Defendant filed a motion to vacate the order memorializing this denial, which the trial court denied by a brief letter opinion dated December 24, 2008.
Even though a defendant characterizes his application as a petition for post-conviction relief, the court must treat the application as a motion for new trial based on newly discovered evidence if the allegations of the petition and supporting argument warrant such treatment. State v. Behn, 375 N.J. Super. 409, 414-15 (App. Div. 2005). A motion for a new trial based on newly discovered evidence is not subject to the five-year bar of Rule 3:22-12(a). Such a motion "may be made at any time." R. 3:20-2.
We conclude that defendant's petition may be viewed as a motion for a new trial based on newly discovered evidence. The petition included the following allegations:
The Ocean County Prosecutor's Office withheld from petitioner and petitioner's direct appeal lawyer... vital and meaningful documents....
Documents that were withheld from petitioner..., show that the complaining witness admitted in a letter to his brother, on June 14, 1995, that he implicated petitioner solely out of a revenge factor, along with his desire to hide an ongoing sexual relationship with his older brother,.... He even states that his father was an active participant in the aggravated sexual assaults perpetrated against him.... These deliberate omissions also violate Brady v. Maryland, and calls for vacating Petitioner's convict and sentence, and the dismissal with prejudice of Ocean County Indictment #95-09-00870. This material was not available to petitioner until petitioner received the AFOREMENTIONED discovery from the Office of the Public Defender in late 2007.....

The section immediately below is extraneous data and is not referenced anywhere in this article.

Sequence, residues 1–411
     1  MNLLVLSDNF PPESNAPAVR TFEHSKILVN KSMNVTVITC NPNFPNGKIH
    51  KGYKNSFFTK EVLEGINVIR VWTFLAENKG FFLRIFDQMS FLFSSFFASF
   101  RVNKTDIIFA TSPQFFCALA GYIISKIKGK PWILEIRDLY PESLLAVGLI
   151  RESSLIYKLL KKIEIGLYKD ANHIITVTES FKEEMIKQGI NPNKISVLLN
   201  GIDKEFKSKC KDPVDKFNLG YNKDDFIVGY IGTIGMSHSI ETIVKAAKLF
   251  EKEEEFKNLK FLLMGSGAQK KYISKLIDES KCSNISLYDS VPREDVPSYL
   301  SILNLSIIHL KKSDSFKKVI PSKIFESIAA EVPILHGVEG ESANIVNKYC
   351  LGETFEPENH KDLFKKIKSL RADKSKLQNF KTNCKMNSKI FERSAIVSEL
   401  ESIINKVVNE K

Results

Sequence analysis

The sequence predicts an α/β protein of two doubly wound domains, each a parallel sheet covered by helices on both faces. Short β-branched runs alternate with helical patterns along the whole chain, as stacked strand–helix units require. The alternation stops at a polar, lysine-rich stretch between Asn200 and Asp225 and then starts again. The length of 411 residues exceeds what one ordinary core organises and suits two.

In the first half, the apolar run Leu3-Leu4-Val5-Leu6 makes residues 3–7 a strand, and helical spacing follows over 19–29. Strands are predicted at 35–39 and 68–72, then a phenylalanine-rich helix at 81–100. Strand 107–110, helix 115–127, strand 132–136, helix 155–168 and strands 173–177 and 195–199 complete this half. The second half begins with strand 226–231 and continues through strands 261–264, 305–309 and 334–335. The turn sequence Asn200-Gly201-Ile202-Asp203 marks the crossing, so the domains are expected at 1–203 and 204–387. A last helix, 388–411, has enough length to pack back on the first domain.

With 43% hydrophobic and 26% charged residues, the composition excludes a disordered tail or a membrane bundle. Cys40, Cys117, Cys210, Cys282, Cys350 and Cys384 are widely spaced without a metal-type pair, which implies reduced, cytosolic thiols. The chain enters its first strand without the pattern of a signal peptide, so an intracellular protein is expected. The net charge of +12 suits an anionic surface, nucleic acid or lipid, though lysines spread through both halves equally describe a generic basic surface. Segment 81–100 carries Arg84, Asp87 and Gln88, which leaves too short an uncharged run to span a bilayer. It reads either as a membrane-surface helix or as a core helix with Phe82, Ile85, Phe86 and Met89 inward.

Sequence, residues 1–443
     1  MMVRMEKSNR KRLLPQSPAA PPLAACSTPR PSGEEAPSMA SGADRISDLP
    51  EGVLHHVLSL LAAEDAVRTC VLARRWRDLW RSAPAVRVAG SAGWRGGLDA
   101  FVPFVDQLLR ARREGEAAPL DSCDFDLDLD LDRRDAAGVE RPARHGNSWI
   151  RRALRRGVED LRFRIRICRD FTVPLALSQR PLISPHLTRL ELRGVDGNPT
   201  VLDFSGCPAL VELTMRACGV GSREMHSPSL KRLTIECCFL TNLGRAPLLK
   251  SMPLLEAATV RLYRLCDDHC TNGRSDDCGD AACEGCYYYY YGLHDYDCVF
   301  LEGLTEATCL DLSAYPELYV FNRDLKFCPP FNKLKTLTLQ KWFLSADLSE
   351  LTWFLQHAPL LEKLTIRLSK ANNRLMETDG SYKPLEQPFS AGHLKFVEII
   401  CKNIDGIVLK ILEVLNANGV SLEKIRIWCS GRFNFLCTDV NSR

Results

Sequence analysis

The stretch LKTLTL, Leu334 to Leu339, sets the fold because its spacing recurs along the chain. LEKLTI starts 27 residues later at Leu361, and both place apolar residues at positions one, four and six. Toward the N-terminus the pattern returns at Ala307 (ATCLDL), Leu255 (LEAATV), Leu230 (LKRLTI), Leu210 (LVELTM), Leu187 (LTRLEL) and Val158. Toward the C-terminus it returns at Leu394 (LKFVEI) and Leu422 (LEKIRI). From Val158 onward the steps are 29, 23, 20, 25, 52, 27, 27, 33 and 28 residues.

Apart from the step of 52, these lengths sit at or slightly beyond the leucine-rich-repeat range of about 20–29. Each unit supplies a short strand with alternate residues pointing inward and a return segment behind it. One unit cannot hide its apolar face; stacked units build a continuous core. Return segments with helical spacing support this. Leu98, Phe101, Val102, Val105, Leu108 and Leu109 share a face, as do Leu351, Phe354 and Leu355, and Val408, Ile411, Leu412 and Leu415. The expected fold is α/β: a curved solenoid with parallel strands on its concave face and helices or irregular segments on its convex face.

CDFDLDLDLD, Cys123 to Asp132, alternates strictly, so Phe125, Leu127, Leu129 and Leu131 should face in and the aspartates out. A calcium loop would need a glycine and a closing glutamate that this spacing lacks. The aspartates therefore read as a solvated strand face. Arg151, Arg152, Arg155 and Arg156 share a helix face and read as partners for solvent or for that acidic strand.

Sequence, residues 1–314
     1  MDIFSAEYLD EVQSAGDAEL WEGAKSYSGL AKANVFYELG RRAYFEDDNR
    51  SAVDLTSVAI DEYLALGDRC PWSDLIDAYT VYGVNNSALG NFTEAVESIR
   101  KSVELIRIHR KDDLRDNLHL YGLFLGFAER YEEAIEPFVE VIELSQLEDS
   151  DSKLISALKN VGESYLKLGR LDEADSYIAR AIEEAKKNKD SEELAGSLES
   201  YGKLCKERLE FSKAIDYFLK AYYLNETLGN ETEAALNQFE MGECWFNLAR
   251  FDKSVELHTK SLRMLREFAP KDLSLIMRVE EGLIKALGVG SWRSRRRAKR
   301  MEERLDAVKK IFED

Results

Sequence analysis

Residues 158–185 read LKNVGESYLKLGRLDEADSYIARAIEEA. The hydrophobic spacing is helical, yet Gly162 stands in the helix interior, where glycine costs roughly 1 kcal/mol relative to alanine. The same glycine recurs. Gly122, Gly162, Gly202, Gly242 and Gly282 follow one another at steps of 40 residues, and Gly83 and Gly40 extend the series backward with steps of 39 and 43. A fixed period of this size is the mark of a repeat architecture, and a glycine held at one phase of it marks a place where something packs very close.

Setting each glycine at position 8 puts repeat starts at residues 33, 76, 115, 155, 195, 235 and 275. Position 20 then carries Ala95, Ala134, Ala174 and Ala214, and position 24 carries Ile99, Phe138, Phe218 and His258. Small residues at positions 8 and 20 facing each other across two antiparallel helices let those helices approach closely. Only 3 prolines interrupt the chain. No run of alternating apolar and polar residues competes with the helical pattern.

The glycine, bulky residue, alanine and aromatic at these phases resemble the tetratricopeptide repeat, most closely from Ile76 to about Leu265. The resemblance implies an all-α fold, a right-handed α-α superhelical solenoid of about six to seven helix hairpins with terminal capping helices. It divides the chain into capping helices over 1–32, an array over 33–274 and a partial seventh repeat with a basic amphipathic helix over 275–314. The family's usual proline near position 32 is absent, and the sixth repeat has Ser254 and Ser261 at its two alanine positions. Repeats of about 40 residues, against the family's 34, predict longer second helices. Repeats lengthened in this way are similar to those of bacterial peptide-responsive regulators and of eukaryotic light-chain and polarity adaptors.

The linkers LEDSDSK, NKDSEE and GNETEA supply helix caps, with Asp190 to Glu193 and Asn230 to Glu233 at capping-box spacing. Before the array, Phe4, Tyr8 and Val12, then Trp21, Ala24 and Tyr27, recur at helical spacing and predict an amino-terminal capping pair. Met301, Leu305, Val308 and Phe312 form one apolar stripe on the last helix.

The touchstone of any direct examination/ cross examination of any witness is how the jury perceives the testimony. By withholding documents, the jury was deprived of the only way it had to judge the testimony of the complaining witness. If the withheld documents has been exposed, and used for impeachment purposes, a very different outcome would have occurred. However, they were not.
The attachments to defendant's petition included the purported June 14, 2005 letter from the victim to his brother, which reads as follows: